enemy pieces arc destroyed or retreat from 
the hex, the attacking pieces may continue 
their movement. Otherwise, they must cease 
moving for the remainder of the Phase (no 
additional Rounds of combat arc conducted). 
All pieces conducting an overrun must be 
part of the same stack when they enter the 
hex of the overrun. In addition to all normal 
battle modifications. 3 is subtracted from the 
attack dice-roll. Challenge combats may take 
place as a prelude t 

[12.6] Terrain Effects Chan 

[12.71 Discovery Tebie 

(see mapsheeH 

[13.0] Reaction to 


During the Reaction Phase of each 
Player-Turn, the inactive player may move 
any eligible unembarked land pieces under 
his control. 

The inactive player examines all his 
stacks which are within 6 hexes (5 intervening 
hexes) or enemy/army escort CSP's. Each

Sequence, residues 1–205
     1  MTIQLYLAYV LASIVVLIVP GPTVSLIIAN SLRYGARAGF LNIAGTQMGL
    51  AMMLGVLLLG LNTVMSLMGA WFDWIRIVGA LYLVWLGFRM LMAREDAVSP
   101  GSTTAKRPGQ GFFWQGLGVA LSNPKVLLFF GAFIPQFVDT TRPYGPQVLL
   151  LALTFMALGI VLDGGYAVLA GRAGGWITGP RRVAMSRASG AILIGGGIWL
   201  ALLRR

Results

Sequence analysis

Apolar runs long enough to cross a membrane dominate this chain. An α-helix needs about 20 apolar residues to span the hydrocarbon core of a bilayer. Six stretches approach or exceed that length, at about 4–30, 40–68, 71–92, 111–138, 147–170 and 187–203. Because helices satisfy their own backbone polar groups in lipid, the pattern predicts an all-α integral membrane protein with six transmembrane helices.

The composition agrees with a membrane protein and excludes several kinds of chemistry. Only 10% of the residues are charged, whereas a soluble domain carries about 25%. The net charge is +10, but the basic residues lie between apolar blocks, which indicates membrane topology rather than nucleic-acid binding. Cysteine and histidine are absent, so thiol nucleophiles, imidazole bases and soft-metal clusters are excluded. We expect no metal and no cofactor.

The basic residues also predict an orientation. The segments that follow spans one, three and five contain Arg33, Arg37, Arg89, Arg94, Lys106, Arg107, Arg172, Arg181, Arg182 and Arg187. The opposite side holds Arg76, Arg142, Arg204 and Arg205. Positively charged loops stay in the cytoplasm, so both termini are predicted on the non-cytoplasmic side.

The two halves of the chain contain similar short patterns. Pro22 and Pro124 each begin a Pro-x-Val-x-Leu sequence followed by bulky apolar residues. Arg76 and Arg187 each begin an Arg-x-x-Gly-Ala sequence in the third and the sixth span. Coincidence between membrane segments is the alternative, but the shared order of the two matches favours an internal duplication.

stack which is within a range in hexes equal to 
the Command Rating of any one person of 
his choice in the stack may react. A number 
of Movement Points equal 10 the Command 
Rating of any one person of his choice in the 
stack may be expended on reaction. These 
Movement Points may only be used to move. 
A stack may not exit a hex containing enemy 
army/escort CSP's unless the Command 
Rating of a person in the reacting stack is 
greater than the highest Command Rating of 
any enemy person in the hex. 

114.0] Command Control 


Army CSP's (but n*>> ships, persons, or 
escorts) suffer penalties whenever they are 
not under command. Assignment of an army 
piece to a person's command is indicated by 
placing the piece directly beneath the 
person's piece. 

[14.1) Army CSP's which are not under 
command suffer the following 

1. They may not move, react, or conduct 
forced march. They may embark and/or de- 
bark, and may be transported by sea. 

2. They undergo attrition each Attrition 
Segment in whkh they do not occupy a for- 

3. They may participate in combat and be 
removed to satisfy losses, but their Combat